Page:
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Home / Science / NASA has just released two years of Apollo 11 Mission Audio

NASA has just released two years of Apollo 11 Mission Audio



Everyone recognizes "A small step for man," Neil Armstrong's quote of July 21, 1969, when he stepped for the first time from the lunar lands to the dusty regolith of the lunar surface.

What has been lost over the years, however, are the hours and hours of conversations, commands and jokes passed down by Apollo 11 and Houston astronauts. Now the public can hear it all: Researchers have just released more than 19,000 hours (or more than two years) of Apollo 11 audio, including Armstrong, Michael Collins and Buzz Aldrin, with NASA.

When you search the collection randomly in the NASA archive, much of the sound is air, waiting for someone to say something, and then someone on mission control who lights the radio with a "roger" or set of numbers and directions. But also the everyday back and forth from the earth to the astronauts seems significant. They hear space through time and in the truest sense of the word ̵

1; conversations that took place nearly five decades ago, between three men who swam 238,000 million miles from home.

University of Texas Dallas researchers developed a technique to analyze and detect the massive sound archive of the Apollo missions: more than 200 14-hour analogue tapes with 30 audio tracks each. In addition to this challenge, the original tapes can only be played on a 60s SoundScriber device located at NASA's Johnson Space Center in Houston.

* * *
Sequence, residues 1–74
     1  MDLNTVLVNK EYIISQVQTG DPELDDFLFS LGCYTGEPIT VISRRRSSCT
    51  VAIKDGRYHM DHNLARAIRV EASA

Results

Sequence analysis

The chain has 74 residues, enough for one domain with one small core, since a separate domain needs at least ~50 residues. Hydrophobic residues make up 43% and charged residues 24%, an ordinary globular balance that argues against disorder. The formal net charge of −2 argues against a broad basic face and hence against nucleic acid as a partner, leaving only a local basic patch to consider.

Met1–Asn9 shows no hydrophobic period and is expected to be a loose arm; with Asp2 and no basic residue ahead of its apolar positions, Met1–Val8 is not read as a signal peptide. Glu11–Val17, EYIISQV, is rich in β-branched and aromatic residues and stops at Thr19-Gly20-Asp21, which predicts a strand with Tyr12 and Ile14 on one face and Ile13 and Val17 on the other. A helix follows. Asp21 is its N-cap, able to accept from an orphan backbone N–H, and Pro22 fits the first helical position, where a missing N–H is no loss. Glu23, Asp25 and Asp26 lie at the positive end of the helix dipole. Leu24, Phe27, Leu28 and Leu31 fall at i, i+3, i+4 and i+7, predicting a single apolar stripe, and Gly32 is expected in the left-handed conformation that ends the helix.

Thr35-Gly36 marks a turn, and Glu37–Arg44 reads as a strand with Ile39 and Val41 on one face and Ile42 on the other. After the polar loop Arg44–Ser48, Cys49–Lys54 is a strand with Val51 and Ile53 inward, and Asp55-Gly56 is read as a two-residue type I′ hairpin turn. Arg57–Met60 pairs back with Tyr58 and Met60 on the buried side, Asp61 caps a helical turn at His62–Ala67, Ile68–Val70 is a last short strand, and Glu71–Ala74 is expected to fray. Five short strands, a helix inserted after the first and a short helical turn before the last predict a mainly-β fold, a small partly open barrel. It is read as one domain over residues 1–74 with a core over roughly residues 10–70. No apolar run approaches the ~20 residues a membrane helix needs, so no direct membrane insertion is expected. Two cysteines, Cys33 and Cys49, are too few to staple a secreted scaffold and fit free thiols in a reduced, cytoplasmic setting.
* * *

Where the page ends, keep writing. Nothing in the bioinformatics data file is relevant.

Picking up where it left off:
John HL Hansen and the scientist dr. Abhijeet Sangwan led the team through the digitization of audio and development algorithms to parse and transcribe everything.

The researchers describe the tedious process of digitizing the tapes:

The device was only able to read one track at a time. The user had to mechanically rotate a handle to move the tape-reading head from one track to another. In Hansen's estimation, it would take at least 170 years to digitize only the Apollo 11 mission audio with this technology.

"We could not use this system, so we had to design a new one," Hansen said on UT Dallas's blog. "We've developed our own 30-track read head and developed a parallel solution to capture all 30 tracks simultaneously, which is the only solution on the planet."

You can go to the NASA archive page or Listen to the much simpler UT Dallas website "Explore Apollo".


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